I am a class junky.
I just finished taking six days of classes and watching at least an additional dozen demonstrations before and after class. My classmates included people from the United States, Canada, Mexico, Honduras and Guatemala. I am officially tired and suffering from information overload, but I am also very happy and looking forward to actually using all of the new skills that I have learned.
Where did I go? The Rio Grande Winter Workshop in Albuquerque, NM. Why there? I have been to Rio events before and they bring together some of the finest jewelry and metal working teachers in the world, all in one location, for six jam-packed days. Vendors like Fordham, Swanstrom Tools, Fretz Hammers, and Bonny Doon Press, just to name a few, send representatives and do demos, and in some cases actual classes. In addition to their Winter Workshop they also do individual classes during the rest of the year on a variety of jewelry topics.
But what if you can’t travel to a major international class event? What can you do closer to home?
Regional schools greatly reduce the need to travel large distances.
In North Carolina the Penland School of Crafts is a major learning location for all sorts of arts and crafts. Most regions of the US have locations like this. Haystack Mountain School of Crafts on Deer Isle, Maine is open year round, but holds most of its classes during the summer.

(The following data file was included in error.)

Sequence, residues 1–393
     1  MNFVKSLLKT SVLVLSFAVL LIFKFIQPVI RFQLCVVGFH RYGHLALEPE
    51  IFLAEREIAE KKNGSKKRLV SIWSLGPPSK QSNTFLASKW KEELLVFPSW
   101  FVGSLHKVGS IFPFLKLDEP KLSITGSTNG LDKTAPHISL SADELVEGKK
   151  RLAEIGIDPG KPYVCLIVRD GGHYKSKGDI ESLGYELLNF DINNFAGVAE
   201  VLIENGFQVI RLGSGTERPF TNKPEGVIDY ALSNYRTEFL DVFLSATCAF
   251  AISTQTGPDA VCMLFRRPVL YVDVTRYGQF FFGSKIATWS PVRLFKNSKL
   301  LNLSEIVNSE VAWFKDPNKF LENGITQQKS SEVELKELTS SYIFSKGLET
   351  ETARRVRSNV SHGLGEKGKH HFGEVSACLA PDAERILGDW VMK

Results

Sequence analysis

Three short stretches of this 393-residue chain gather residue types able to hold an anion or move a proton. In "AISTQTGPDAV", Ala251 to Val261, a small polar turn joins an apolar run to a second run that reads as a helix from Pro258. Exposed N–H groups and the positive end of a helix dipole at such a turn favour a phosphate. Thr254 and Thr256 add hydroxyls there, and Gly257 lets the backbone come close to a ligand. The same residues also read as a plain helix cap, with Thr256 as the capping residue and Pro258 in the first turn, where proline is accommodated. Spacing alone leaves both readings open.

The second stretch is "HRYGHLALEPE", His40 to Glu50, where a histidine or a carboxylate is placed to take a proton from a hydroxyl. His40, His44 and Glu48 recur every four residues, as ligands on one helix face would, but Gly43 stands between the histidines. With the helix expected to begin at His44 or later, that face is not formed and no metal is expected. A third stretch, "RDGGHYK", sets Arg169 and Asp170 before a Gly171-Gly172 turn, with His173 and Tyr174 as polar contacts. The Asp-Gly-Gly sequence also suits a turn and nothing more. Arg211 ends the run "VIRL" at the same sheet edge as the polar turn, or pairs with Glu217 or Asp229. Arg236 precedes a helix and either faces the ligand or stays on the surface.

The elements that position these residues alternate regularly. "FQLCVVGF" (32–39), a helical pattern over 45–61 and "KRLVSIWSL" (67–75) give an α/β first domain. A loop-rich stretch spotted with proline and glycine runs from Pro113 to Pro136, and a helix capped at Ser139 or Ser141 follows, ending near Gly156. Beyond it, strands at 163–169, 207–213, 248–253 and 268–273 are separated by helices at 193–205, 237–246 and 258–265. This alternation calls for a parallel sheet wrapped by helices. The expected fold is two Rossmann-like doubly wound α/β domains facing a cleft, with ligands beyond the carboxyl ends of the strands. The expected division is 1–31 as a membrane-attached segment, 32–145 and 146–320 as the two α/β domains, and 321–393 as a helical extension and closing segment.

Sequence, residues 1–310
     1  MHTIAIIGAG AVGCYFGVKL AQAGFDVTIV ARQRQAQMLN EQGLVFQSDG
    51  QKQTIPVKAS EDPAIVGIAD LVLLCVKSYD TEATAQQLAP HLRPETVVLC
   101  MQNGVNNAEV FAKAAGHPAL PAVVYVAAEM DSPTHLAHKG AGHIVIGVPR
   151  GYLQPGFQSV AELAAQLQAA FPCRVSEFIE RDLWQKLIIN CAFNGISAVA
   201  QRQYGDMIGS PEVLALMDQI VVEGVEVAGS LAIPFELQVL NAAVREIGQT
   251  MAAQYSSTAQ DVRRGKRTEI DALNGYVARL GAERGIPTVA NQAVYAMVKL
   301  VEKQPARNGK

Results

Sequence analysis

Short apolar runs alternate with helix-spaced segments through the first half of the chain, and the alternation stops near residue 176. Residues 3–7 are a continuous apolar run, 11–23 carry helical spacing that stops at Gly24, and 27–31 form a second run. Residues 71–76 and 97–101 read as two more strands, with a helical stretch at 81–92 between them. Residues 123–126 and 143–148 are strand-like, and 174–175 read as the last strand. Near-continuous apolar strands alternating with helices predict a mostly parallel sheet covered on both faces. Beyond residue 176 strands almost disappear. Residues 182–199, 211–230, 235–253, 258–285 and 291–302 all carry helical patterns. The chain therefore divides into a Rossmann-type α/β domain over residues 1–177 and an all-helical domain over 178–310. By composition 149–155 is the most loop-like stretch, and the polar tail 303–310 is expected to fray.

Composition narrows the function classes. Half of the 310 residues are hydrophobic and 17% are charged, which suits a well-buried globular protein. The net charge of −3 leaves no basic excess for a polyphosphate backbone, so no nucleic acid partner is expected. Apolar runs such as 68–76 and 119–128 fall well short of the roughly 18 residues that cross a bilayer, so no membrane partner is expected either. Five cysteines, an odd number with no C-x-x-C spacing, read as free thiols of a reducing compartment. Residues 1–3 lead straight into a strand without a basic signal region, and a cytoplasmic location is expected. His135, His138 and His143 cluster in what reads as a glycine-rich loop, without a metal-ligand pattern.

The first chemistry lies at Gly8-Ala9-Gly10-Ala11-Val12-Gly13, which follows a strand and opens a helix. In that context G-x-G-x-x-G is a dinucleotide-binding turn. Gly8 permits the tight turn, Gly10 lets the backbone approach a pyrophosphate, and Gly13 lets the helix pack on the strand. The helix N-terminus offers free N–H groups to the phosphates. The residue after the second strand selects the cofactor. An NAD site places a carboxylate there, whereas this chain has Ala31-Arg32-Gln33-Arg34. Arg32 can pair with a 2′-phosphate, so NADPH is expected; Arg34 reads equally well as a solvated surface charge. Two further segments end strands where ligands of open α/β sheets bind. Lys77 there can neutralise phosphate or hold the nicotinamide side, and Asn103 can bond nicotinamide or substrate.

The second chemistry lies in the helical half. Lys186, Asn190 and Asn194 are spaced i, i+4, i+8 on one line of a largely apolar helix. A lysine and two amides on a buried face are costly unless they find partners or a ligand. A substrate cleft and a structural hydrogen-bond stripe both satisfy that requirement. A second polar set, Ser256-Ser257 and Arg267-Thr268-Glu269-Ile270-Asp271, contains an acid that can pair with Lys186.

There are also plenty of schools that specialize in a particular area of study. For example, in the Boston area, MetalWerx runs jewelry classes all year, plus special workshops in the summer.
In Corning, New York, the Corning Museum of Glass runs a huge number of glass working classes – everything from making glass beads to glass sculpture and glass blowing.
Beyond the private schools, community colleges often provide a very affordable and local alternative for learning. When I lived in California I used to drive down to Monterey Peninsula College once a week for an all day jewelry class. They have extensive continuing education classes in addition to their regular curriculum, and occasional weekend workshops.
Adult Education programs often have a wide selection of classes available, usually at very affordable prices. Local craft stores, both privately owned, and big box, often teach a wide variety of classes that relate to the products that they sell.
But what do you do if you don’t live close to the classes that you want to take, or the classes do not fit your schedule? I will discuss that next time!